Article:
Thursday, September 12, 2019

The New Skalat Pikholz Haplogroup

From time to time, I have reported in this space about my Y-DNA matches, with particular emphasis on the apparent fact that the Skalat Pikholz family are part of the older Spira (sometimes Spiro)  family. In my most recent post on the subject eight months ago, my emphasis was on the Y-111 results of a Spira and a Spiro, whom I have known about for some time, and the three Skalat Pikholz testers (Zachy, "Filip" and I). I also included two other Spiras who had done only Y-37 tests; one I call "Z-man" and one new tester whose actual surname was changed from Spira recently.

My guess at the time was that the Pikholz line split from the other Spiras about nine generations ago. Perhaps a few more. (There are no significant autosomal matches within the above group of seven.)

So what's new?
We have several new developments. First of all, the new Spira tester has upgraded to Y-111 and he is a genetic distance of 3 from "Filip" and me and 4 from Zachy. That is closer to us than the others. The new tester has still not done a Family Finder (autosomal) test, but I would be surprised if he is close enough for an autosomal match.

Second, Family Tree DNA has a new test called Y-700, an upgrade of the Big Y-500. The Y-700 has taken some months because they wanted a new cheek swab. This test is based on Single Nucleotide Polymorphisms (SNPs), as opposed to the Y-37 and Y-111 which are based on Short Tandem Repeats (STRs). In general, STRs are relevant to more recent generations, while SNPs are more ancient. (That is an oversimplification and you can read more about this subject here and at other blogs.)

The big deal about the SNP tests is that while the STR test can assign all of us to the huge R-M269 haplogroup, the SNP tests assign us more sophisticated haplogroups based on what they call the "terminal SNP." These terminal SNPs are outlined in a haplotree structure.

This is the relevant section of the R-M269 haplotree. All these people are part of haplogroup R-FGC20765, which is the way my own haplogroup was defined when we first began talking about SNPs.

Then, about three years ago, some of us were redefined as R-A9700, while the group on the left had its own set of terminal SNPs. I have been graciously guided through the world of SNPs by Rachel Unkefer, who is an administrator of our haplogroup project.
My paternal and maternal haplogroups
as they appear on my FTDNA home page.

The Y-700 test has identified a new SNP - R-FT56914 - for which three of us (Spira, the new tester and I) have tested positive. The Spiro test is still pending. R-FT56914 is my new terminal SNP and FTDNA shows it on my home page and in the center column of the haplotree above.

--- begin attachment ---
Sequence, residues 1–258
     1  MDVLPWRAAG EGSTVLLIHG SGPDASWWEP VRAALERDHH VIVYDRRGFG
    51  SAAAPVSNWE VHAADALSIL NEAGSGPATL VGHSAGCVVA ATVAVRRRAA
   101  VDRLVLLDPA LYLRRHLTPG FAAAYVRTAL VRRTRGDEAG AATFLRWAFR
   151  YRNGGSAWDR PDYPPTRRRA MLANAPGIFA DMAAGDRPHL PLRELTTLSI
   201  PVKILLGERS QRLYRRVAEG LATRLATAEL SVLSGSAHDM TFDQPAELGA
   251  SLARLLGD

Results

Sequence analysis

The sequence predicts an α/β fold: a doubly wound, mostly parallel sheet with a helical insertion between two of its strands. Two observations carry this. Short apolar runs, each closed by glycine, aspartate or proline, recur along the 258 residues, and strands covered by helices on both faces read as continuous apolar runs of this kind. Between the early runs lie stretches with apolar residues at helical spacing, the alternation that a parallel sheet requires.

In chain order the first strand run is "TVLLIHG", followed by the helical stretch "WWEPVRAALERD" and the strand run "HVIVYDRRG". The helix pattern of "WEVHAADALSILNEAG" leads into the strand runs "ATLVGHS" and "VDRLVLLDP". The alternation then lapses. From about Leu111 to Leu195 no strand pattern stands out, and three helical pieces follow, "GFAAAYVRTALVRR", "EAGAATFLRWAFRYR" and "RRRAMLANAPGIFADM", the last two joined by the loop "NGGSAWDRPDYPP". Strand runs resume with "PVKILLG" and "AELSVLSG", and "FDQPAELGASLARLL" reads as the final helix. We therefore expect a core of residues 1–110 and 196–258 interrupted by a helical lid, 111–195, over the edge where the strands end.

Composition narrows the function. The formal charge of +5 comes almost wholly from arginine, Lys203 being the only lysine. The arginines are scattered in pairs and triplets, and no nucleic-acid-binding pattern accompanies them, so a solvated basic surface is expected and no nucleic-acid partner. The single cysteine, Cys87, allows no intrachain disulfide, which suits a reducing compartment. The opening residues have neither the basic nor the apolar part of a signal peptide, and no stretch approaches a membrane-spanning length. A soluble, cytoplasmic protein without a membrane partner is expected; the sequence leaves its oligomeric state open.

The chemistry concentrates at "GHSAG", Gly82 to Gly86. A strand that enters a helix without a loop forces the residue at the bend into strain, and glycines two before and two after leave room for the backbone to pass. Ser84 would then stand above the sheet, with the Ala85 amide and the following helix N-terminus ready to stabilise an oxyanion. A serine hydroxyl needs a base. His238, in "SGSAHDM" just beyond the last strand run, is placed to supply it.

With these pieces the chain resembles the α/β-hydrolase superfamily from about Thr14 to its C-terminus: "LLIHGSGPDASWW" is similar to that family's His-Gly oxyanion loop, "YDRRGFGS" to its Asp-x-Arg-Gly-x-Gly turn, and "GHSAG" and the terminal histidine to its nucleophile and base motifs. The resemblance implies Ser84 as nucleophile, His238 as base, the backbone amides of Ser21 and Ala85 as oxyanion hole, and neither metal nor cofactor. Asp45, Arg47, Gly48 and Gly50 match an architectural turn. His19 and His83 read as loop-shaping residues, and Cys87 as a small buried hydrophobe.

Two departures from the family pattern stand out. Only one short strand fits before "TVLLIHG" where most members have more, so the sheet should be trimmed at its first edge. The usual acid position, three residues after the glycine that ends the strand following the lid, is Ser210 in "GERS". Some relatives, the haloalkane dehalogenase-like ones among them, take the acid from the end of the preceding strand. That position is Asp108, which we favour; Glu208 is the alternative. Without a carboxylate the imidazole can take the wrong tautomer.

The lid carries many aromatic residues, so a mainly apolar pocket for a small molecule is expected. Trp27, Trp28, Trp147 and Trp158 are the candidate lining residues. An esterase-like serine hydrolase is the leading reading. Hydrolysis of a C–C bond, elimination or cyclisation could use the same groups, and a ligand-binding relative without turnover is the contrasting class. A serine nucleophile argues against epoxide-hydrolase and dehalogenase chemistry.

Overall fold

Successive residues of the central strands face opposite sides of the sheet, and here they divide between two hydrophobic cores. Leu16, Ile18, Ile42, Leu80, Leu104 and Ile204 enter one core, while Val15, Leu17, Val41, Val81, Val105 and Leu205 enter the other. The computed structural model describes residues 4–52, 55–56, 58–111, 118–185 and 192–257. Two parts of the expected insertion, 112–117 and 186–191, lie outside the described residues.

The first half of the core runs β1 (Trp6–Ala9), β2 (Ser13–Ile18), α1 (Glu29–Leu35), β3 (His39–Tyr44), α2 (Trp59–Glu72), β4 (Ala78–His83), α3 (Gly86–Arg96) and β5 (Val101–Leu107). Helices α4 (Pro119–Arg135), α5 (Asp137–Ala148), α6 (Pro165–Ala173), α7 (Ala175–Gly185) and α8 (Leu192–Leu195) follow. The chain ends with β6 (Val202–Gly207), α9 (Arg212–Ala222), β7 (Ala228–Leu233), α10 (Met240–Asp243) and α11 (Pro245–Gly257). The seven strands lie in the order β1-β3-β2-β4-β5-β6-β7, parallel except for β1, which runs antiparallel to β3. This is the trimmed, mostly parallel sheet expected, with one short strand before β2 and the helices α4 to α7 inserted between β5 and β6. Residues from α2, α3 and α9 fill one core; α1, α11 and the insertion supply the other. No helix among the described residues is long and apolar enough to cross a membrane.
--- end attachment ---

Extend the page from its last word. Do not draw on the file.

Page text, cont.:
The Spiras have a later terminal SNP and they are defined as R-A10520. We have no idea exactly what "later" means, only that it was later than R-FT56914.

This is the newest version of my Y-111 results. "Filip," Zachy and Spiro do not appear in the second column since they have no Y-700 results. (Spiro is, as I said, waiting for his results.)

Since "Filip" and Zachy have not done SNP tests, I cannot know if the new R-FT56914 terminal SNP arose within the last two hundred years which would make it peculiar to me or if it is older and covers all three of us.  At some point, perhaps I'll scrape together some budget to run the Y-700 on one of them.

The two at the bottom are from the R-FGC20755 group. They appear in the far left column on the haplotree together with a third man whose Y-111 does not match mine.

Then there is Jerry Simonowits, on the third line from the bottom. He is significantly further from me than the Spiras. He did the Y-700 but, unlike the rest of us, tested negative for the R-FT56914 SNP. So he remains defined as R-A9700 and appears to my right on the haplotree. 

This is the TiP report for the closest of the Spiras, based on our Y-111 results. Nine-ten-eleven generations to the common ancestor still looks reasonable.

We are still clearly closer to the Spira/Spiro family than to anyone else.


  1. Are these Spiros levi'im? If so, how do you explain the common Y-DNA?

    1. No. These are not the Cleveland Spiros, who are.